Books by Frank Rose

The Sea We Swim In

How Stories Work in a Data-Driven World

“Frank Rose’s fascinating new book is an essential companion for our age – when narratives, no matter how incredible, produce real-world outcomes that defy all reason. ‘The Sea We Swim In’ takes us systematically through the elements that create compelling stories and offers a practical guide both to crafting powerful tales and to resisting the pull of the most dangerous.”

—Rita McGrath, Columbia Business School professor and author of “Seeing Around Corners”

BUILDING ON INSIGHTS from cognitive psychology and neuroscience, ‘The Sea We Swim In’ shows us how to see the world in narrative terms, not as a thesis to be argued or a pitch to be made but as a story to be told. This is the essence of narrative thinking. More about this book…

The Art of Immersion

How the Digital Generation Is Changing Hollywood, Madison Avenue, and the Way We Tell Stories

“We can spy the future in Frank Rose’s brilliant tour of the pyrotechnic collision between movies and games. This insightful book convinced me that immersive experiences are rapidly becoming the main event in media. . . . Future-spotting doesn’t get much better than this.”

— Kevin Kelly, author of “What Technology Wants”

NOT LONG AGO WE WERE SPECTATORS, passive consumers of mass media. Now we approach television shows, movies, even advertising as invitations to participate — as experiences to immerse ourselves in at will. What we’re witnessing is the emergence of a new form of narrative that is native to the In­ternet. More about this book…

The Agency

William Morris and The Hidden History of Show Business

“A cram course on the modern entertainment business as seen not from the cus­tomary perspective of the talent, but from the point of view of the humble appa­ratchiks who doggedly tried to prevent the lunatics from wrecking their asylum.”

— Peter Bart, The New York Times Book Review

FOR DECADES, the Morris agency made deals that determined the fate of stars, studios, and television networks alike. But everything changed after the agency’s president dismissed his own best friend, the man who’d brought Barry Diller and Michael Ovitz out of the mailroom. A multi-generational saga of loyalty and betrayal in Hollywood. More about this book…

West of Eden

The End of Innocence at Apple Computer

“Zesty, highly readable . . . ‘West of Eden’ delivers a bracing keyhole view of a swarm of rich, talented people frequently at each others’ throats. The author . . . has a sharp eye for the painful contradictions in people’s lives that make you glad he’s profiling somebody else.”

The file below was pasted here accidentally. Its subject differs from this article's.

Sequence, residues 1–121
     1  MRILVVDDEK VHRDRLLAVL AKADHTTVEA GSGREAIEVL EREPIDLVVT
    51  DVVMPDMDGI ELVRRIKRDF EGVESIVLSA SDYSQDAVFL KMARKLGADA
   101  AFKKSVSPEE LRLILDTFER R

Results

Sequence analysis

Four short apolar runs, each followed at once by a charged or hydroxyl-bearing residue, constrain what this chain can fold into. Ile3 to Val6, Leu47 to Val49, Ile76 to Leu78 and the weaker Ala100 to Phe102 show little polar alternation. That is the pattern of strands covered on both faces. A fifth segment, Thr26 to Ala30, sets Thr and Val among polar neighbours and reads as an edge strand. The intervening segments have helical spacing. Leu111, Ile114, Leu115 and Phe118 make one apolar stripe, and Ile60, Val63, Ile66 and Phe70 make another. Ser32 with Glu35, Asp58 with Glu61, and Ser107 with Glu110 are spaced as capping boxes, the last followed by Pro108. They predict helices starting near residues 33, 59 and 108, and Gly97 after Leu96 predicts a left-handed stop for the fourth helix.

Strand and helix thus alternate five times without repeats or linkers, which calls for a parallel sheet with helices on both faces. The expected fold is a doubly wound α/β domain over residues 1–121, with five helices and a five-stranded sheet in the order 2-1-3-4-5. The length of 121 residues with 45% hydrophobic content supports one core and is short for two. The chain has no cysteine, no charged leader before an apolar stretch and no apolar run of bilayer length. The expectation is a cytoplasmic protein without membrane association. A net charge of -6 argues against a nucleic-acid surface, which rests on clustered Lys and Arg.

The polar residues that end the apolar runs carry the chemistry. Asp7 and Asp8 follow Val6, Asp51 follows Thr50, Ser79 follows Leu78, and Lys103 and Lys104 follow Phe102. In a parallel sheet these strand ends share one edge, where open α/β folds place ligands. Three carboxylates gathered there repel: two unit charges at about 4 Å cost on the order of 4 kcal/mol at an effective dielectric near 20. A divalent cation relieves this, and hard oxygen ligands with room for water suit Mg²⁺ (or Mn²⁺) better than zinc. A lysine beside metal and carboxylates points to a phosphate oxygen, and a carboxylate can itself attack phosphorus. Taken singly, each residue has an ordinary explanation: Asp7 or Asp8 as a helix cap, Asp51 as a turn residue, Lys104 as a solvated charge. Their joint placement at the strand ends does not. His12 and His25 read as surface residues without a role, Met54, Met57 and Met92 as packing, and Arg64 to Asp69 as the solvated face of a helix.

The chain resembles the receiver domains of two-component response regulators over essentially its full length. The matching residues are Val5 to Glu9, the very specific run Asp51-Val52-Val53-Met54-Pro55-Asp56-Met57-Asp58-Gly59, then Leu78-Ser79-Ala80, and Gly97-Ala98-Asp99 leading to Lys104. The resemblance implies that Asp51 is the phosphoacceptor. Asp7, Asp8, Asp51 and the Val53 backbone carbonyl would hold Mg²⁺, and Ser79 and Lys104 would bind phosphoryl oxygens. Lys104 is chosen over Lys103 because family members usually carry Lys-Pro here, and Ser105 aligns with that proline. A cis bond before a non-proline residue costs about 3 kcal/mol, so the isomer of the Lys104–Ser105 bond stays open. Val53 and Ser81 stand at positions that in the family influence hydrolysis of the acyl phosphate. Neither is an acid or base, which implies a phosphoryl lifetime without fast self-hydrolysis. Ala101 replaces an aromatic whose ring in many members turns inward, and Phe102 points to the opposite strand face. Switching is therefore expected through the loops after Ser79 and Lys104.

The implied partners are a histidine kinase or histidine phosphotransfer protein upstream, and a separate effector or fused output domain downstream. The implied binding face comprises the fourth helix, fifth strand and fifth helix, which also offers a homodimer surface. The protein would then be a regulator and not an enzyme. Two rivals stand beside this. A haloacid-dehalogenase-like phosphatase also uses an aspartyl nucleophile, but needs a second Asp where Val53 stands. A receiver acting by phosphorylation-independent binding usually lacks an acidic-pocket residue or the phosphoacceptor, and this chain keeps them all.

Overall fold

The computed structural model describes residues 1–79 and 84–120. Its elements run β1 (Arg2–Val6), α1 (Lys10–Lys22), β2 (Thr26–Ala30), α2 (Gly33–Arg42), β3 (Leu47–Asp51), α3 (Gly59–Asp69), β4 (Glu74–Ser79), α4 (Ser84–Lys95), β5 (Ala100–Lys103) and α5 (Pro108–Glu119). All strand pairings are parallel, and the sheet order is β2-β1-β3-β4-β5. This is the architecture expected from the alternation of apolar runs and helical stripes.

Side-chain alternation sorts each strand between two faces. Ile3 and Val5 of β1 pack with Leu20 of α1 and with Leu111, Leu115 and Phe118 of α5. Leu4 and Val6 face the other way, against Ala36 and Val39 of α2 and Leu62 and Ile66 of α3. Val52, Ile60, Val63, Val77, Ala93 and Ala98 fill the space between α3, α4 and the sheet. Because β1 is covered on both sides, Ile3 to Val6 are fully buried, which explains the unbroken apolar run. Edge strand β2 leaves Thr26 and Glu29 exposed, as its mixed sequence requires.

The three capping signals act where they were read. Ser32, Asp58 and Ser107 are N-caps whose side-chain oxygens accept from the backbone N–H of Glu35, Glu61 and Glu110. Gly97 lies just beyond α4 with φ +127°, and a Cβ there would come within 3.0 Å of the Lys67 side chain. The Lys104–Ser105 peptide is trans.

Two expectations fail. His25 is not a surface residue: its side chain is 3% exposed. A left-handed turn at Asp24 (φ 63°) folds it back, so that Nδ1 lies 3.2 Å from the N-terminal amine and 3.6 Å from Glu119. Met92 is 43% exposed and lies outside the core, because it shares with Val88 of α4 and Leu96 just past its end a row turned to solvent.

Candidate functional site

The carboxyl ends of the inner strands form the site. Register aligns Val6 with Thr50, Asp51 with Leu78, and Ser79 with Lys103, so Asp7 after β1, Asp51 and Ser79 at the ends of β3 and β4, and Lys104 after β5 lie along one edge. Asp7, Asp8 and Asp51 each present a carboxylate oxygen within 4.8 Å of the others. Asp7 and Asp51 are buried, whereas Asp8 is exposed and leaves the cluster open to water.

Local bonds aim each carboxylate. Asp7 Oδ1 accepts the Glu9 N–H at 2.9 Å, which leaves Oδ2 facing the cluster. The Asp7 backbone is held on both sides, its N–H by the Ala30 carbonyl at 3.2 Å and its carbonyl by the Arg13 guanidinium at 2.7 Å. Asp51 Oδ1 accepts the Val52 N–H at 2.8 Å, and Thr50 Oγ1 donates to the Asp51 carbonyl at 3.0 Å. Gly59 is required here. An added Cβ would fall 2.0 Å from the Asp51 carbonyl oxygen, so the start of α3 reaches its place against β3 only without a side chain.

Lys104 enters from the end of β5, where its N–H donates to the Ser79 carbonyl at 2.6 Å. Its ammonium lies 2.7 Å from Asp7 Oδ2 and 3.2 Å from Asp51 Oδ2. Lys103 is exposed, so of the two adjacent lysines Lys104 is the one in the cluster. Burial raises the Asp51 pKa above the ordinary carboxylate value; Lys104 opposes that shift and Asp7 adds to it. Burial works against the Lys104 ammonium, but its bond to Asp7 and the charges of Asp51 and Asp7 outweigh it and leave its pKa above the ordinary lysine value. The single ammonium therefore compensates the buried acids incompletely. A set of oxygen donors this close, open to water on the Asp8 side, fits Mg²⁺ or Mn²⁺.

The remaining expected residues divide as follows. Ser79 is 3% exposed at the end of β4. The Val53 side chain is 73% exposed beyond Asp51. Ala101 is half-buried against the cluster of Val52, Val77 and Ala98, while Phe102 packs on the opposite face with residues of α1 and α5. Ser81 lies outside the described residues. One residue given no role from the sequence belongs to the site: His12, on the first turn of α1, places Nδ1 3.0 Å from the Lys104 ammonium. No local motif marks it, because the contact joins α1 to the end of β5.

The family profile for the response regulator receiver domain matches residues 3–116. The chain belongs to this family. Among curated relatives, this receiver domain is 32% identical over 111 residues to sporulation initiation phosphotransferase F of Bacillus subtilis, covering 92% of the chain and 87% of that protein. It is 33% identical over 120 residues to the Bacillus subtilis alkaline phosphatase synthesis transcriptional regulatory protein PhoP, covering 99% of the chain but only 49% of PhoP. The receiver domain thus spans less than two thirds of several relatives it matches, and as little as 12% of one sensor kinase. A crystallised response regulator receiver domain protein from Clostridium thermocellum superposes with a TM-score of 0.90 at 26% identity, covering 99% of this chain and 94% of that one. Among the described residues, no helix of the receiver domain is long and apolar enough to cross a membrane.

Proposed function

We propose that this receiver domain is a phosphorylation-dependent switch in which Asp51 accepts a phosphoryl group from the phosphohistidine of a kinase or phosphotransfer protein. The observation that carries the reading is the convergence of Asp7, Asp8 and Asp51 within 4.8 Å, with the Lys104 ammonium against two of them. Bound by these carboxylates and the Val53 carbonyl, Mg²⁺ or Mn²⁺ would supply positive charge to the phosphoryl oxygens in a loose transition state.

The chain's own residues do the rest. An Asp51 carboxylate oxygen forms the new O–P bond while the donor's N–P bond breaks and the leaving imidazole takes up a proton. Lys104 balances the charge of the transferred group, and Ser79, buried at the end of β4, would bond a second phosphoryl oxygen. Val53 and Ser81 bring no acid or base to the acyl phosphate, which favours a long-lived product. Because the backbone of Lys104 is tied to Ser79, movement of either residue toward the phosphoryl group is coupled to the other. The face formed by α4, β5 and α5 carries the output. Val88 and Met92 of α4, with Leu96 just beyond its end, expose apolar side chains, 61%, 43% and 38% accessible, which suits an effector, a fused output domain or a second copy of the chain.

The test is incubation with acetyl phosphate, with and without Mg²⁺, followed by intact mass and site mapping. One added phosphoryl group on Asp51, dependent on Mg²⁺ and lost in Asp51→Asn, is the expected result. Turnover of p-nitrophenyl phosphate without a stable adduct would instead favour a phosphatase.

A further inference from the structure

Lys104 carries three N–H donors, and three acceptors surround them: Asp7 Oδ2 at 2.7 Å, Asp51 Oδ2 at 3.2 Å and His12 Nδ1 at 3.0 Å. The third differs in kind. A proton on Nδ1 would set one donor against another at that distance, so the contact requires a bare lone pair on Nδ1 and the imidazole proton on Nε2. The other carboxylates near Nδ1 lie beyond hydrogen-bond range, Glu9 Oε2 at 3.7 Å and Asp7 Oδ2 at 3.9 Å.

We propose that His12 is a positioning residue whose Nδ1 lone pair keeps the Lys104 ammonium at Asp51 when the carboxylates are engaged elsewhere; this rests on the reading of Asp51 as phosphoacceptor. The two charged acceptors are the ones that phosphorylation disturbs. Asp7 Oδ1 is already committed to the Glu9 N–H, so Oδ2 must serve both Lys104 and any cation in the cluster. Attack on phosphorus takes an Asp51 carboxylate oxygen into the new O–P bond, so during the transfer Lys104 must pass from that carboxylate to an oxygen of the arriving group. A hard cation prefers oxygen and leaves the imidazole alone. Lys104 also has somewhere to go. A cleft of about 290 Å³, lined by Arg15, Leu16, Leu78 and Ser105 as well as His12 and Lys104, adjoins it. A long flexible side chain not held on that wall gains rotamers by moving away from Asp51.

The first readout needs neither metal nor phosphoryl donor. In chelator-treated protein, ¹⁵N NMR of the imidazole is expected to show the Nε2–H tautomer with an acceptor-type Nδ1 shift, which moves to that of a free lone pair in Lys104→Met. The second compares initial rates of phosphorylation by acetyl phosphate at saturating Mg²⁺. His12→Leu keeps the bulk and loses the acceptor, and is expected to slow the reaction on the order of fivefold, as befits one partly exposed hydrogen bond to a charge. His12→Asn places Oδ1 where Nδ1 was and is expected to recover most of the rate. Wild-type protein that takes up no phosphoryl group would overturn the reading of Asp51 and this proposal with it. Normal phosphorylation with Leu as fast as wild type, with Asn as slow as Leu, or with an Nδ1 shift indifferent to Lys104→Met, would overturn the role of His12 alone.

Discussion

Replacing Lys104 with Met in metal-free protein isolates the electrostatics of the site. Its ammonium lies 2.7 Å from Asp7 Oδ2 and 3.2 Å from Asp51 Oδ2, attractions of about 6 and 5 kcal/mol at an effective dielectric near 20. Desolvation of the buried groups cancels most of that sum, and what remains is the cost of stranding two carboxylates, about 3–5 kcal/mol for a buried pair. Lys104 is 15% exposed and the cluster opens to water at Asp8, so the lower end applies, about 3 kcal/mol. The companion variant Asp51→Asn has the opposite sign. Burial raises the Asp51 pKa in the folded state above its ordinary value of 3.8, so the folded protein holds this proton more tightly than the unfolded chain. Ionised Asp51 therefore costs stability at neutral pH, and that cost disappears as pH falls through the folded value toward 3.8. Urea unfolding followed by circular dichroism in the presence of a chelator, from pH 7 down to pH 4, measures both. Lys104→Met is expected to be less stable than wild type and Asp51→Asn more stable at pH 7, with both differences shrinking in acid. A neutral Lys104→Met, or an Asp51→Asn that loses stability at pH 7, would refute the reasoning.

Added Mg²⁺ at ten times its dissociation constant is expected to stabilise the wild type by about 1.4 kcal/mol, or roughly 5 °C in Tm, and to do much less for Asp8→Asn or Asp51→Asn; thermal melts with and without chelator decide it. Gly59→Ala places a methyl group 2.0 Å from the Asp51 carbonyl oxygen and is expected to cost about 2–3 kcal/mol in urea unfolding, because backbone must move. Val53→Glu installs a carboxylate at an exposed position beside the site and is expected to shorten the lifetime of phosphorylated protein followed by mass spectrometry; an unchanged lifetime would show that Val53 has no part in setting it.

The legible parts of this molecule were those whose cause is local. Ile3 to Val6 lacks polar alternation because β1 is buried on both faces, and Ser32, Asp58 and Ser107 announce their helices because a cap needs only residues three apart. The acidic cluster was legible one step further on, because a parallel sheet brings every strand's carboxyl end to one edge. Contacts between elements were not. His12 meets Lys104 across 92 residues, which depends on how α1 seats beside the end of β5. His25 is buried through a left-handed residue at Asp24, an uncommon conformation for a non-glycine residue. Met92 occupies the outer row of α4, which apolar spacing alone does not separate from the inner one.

— San Francisco Chronicle

IT SEEMS UNTHINKABLE TODAY—but some 35 years ago, when personal com­puters were still new and the World Wide Web had yet to be invented, Steve Jobs was cast out of Apple. And yet it wasn’t just Wall Street that applauded—it was most of Silicon Valley. More about this book…

Into the Heart of the Mind

An American Quest For Artificial Intelligence

Into the Heart of the Mind

“A good, acces­sible re­port for the gen­eral reader on one of the most bizarre fas­cina­tions of mod­ern sci­ence.”

— Theo­dore Roszak, San Fran­cis­co Chron­icle

IN A CRAMPED LABORATORY tucked away in the Berkeley engineering school, a small team of scientists is trying to teach a minicomputer named Kim No-VAX to think—not just to shuffle data, but to learn, reason, remember, understand English, make associations, and exhibit that quality we call “common sense.”

Real Men

Sex and Style In An Uncertain Age

Real Men

“What Rose has drawn out are the candid — sometimes even intemperate — self-revelations of seven men living in what he calls ‘an uncertain age.’ All seven . . . admit to being confused about themselves, unsure of what comes next. Their willingness to share these doubts . . . is what makes these men more real than their predecessors.”

— The Washington Post

THIS IS A BOOK ABOUT BEING MALE. About power and discipline, sex and violence, and the roles they play in the lives of American men today. Think of it as a personal and idiosyncratic survey designed to produce not statistical data but individual answers to the question of what it means to be a man.